I phoned the local ramblers club today, but the bloke who answered just went on and on.

This policeman came up to me with a pencil and a piece of very thin paper. He said, "I want you to trace someone for me."

I told my mum that I'd opened a theatre. She said, "Are you having me on?" I said, "Well I'll give you an audition, but I'm not promising you anything."

This cowboy walks in to a German car showroom and he says "Audi!"

I was stealing things in the supermarket today while balanced on the shoulders of a couple of vampires. I was charged with shoplifting on two counts.

I bought a train ticket to France and the ticket seller said "Eurostar". I said "Well I've been on telly but I'm no Steve McQueen.

I phoned the local gym and I asked if they could teach me how to do the splits. He said, "How flexible are you?" I said, "I can't make Tuesdays or Thursdays."

I went to the local video shop and I said, "Can I take out The Elephant Man?" He said, "He's not your type." I said "Can I borrow Batman Forever?"He said, "No, you'll have to bring it back tomorrow"

Wednesday, 1 October 2008

Financial Times


God, what a depressing week. It seems financial meltdown is certain and the world may be about to end if American politicians don't pass the 'crisis bill' on Thursday - the $700 billion rescue plan to avoid financial catastrophe which was rejected by the House of Representatives on Monday.

Across the pond, Prime Minister Gordon Brown has told the BBC that he will do "whatever it takes" to protect people's savings. Moves to guarantee bank deposits up to £50,000 - compared with the current £35,000 limit - are expected shortly.

Now I may well be moving in the wrong circles but I don't know anyone who has anything near £35,000 in savings, let alone £50,000. Like so many other people, I have a fair amount of debt but no savings. I do, however, bank with the Bank of Scotland and the takeover of a Scottish financial institution by Lloyds TSB is a concern. I've been with BoS for more than a decade and always found them to be an excellent bank with good rates of interest - not that money stays long enough in my account to earn any...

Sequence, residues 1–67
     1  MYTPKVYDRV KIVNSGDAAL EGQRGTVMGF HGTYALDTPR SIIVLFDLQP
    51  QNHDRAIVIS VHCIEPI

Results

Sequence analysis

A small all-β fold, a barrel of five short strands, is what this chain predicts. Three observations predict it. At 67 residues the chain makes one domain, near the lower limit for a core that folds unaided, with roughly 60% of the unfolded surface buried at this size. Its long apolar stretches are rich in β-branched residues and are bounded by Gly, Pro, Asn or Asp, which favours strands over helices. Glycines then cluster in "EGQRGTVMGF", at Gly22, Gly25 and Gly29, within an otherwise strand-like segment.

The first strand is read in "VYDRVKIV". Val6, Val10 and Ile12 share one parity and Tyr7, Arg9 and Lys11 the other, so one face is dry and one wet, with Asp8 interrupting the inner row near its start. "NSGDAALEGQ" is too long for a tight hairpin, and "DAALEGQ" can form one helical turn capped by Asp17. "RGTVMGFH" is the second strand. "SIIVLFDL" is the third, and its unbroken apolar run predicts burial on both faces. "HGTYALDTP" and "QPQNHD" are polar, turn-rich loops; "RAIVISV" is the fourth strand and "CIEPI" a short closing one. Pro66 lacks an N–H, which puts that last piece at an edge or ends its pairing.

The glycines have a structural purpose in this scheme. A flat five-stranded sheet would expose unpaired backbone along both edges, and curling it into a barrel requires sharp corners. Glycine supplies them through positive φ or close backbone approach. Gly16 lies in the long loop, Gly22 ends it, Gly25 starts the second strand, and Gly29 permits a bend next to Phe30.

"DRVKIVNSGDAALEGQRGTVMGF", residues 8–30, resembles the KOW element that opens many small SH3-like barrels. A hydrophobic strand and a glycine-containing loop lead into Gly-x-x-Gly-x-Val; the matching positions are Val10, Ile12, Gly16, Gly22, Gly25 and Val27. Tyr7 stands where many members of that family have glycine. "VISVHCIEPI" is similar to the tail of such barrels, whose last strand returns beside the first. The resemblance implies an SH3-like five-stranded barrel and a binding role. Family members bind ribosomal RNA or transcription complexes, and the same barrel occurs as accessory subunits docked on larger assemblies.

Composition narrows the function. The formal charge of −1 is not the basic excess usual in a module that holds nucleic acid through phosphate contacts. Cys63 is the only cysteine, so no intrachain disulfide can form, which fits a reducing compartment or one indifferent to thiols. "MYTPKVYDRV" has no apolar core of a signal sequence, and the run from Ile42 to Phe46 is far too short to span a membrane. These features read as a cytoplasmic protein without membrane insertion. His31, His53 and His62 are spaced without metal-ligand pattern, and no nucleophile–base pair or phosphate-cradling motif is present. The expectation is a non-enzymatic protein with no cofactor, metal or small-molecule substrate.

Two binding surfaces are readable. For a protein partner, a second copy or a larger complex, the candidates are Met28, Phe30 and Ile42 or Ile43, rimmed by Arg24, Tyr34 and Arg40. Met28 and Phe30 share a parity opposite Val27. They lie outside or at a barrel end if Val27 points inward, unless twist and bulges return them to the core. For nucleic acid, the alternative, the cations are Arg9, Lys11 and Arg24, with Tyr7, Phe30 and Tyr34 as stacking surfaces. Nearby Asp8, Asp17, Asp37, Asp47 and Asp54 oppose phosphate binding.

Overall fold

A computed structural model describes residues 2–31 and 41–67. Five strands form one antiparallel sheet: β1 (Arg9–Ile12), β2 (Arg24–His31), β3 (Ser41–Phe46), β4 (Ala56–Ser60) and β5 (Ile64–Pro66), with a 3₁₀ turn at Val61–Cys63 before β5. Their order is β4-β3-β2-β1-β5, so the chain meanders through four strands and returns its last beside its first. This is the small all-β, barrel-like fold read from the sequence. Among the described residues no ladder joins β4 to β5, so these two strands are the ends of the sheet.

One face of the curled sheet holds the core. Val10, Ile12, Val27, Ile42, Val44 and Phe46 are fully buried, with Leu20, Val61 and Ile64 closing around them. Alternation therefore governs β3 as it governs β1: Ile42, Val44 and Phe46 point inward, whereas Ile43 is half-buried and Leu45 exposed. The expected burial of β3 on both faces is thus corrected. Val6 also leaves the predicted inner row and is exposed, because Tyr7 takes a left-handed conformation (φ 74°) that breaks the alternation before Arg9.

But surely I'm not alone in thinking - not for the first time - that the world has gone mad. Just a month ago a wealthy Arab consortium took over an English football club - Manchester City. Their first act was to pay more than £32m for just one player - Brazilian Robinho. On the same day their city rivals United forked out just under £31m for a Bulgarian striker. United are backed, rather ironically given Monday's events, by Americans. Such transfers are, quite frankly, obscene. And with the world in financial crisis, crass doesn't begin to describe the behaviour of those behind these transfers.

Who knows when the financial horror stories will end. I have a good friend who works for the Bank of Scotland and he's naturally very worried about the threat to his job. Truth is none of us are certain of anything any more.

My old granny, God rest her soul, used to despise banks and never trusted them. She used to keep her money in several biscuit tins under her bed.

I think I'll go to the bank tomorrow and withdraw the four figure sum presently in my account. £10.50 should get me a decent sized tin of biscuits...